Descritores | Criança; Pé; Flexibilidade.

RESUMEN | El objetivo de este estudio fue verificar si la formación del arco longitudinal del pie interfiere con la distribución de la presión plantar y la flexibilidad de los músculos posteriores del muslo. El método de estudio fue transversal y las huellas plantar se obtuvieron utilizando el plantigraph y se analizaron según el método de Viladot. La distribución plantar y la flexibilidad se evaluaron mediante baropodometría y el banco de Wells, respectivamente. Se observó que los niños con pies huecos tienen mayor flexibilidad en comparación con aquellos con pies normales (p=0,02); y también que los pies huecos tienen una mayor presión, es decir, una mayor sobrecarga del talón en comparación con aquellos con arco plantar normal (p=0,02 miembro inferior derecho y p=0,03 miembro inferior izquierdo). La evaluación del arco longitudinal medial muestra que los niños con pies huecos tienen una mayor flexibilidad en los músculos posteriores de la extremidad inferior. Los pies huecos también están asociados con una mayor descarga de peso en la región del talón.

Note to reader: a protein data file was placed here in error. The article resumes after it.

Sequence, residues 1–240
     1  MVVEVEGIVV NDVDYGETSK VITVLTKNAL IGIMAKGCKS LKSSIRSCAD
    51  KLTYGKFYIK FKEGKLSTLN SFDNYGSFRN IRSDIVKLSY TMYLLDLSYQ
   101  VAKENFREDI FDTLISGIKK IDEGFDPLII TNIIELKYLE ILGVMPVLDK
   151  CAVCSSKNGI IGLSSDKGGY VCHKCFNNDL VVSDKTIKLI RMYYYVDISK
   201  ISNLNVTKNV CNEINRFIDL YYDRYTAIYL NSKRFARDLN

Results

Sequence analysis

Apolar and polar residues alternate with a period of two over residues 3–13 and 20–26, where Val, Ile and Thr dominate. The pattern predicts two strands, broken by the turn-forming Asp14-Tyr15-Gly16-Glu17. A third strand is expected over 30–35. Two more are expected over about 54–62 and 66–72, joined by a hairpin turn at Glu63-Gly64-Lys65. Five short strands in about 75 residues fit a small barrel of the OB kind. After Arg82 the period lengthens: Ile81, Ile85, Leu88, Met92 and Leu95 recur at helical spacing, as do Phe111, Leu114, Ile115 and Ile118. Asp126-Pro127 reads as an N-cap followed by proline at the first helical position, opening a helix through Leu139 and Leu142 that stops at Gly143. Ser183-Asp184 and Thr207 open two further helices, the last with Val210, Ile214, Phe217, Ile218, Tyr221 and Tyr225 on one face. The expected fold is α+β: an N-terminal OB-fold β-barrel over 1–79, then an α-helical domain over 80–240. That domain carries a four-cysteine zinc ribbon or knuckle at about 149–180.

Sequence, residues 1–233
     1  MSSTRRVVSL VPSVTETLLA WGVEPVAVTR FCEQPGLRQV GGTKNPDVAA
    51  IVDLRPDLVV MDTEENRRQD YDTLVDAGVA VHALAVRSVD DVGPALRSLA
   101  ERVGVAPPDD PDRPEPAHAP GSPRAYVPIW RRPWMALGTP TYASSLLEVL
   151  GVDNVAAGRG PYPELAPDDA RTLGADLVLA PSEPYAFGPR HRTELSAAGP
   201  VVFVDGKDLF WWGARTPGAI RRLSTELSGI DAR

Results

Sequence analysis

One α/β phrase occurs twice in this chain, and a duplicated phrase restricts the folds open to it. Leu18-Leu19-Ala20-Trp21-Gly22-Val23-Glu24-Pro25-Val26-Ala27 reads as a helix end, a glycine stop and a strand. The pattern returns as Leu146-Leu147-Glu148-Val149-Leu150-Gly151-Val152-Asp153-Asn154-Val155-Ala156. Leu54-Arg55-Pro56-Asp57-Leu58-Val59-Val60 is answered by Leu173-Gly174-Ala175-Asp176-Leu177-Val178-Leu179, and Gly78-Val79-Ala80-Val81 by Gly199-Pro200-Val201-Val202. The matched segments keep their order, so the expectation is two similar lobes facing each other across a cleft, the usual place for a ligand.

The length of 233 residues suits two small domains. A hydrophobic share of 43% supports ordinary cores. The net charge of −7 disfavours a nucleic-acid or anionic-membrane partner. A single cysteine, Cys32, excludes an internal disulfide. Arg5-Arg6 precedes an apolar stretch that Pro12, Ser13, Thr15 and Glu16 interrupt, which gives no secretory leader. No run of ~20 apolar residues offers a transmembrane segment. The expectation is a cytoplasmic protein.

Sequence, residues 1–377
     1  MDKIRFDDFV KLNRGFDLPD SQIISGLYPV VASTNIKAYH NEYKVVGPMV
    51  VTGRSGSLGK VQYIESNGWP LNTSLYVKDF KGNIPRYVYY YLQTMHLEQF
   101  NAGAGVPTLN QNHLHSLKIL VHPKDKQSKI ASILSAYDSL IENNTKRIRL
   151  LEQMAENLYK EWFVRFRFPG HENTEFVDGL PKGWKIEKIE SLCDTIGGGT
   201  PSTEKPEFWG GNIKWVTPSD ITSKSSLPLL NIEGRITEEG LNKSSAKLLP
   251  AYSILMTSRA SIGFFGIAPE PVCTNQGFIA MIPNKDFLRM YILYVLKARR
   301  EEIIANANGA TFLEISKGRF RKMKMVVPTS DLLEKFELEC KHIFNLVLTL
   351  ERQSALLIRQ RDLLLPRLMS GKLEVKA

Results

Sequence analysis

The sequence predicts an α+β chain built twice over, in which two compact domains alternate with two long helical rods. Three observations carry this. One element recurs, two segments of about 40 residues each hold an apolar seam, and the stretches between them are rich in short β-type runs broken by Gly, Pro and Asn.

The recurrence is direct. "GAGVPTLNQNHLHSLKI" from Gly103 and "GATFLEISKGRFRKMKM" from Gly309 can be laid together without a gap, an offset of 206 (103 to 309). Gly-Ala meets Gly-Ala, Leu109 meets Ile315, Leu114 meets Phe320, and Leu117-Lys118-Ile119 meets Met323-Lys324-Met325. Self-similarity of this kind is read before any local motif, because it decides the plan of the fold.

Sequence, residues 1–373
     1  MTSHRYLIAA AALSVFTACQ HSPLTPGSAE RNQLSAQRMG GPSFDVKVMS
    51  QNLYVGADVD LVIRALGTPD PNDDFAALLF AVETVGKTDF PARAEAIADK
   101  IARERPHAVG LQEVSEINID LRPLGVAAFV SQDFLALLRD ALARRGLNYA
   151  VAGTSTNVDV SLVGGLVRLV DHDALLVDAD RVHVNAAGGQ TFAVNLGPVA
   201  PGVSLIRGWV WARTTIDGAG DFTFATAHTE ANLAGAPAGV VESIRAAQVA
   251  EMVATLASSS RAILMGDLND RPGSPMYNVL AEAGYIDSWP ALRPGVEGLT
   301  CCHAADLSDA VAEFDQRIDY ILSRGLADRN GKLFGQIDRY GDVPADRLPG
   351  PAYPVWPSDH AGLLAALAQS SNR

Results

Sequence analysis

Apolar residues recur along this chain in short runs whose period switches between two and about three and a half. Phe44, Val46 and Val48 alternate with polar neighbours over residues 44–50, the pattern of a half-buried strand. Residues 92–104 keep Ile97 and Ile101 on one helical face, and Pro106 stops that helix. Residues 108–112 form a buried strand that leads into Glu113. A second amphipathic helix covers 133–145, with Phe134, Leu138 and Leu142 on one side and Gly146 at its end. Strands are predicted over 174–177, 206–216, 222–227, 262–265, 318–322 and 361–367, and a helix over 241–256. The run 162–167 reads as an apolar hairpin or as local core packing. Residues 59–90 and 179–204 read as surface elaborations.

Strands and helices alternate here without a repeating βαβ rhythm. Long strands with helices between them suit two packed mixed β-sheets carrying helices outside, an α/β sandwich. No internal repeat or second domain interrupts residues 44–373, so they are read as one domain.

The foot is a structure that is in contact with the ground and controls the distribution of plantar pressure, support, impact absorption, balance, impulse; it supports the weight and adjusts the posture in an upright position1,2.

Three arches constitute the foot: medial longitudinal arch (MLA), lateral longitudinal arch (LLA) and anterior transverse arch (ATA), which are suppported by the floor on three points, the first metatarsal, the fifth metatarsal and the calcaneus tuberosity3.

Longitudinal arches are responsible for defining the type of foot (normal, cavus and flat)4. During the growth

process of the first six years of life, there is the development of longitudinal arches and the loss of subcutaneous fatty tissue and reduced joint pliability5. The plantar pressure